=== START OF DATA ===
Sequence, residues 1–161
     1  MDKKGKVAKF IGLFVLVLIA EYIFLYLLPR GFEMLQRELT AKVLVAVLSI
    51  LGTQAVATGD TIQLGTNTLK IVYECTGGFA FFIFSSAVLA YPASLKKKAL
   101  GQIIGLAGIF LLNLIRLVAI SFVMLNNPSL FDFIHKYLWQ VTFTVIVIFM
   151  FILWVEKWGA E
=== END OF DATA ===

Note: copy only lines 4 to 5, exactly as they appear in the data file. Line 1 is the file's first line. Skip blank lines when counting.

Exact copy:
   101  GQIIGLAGIF LLNLIRLVAI SFVMLNNPSL FDFIHKYLWQ VTFTVIVIFM
   151  FILWVEKWGA E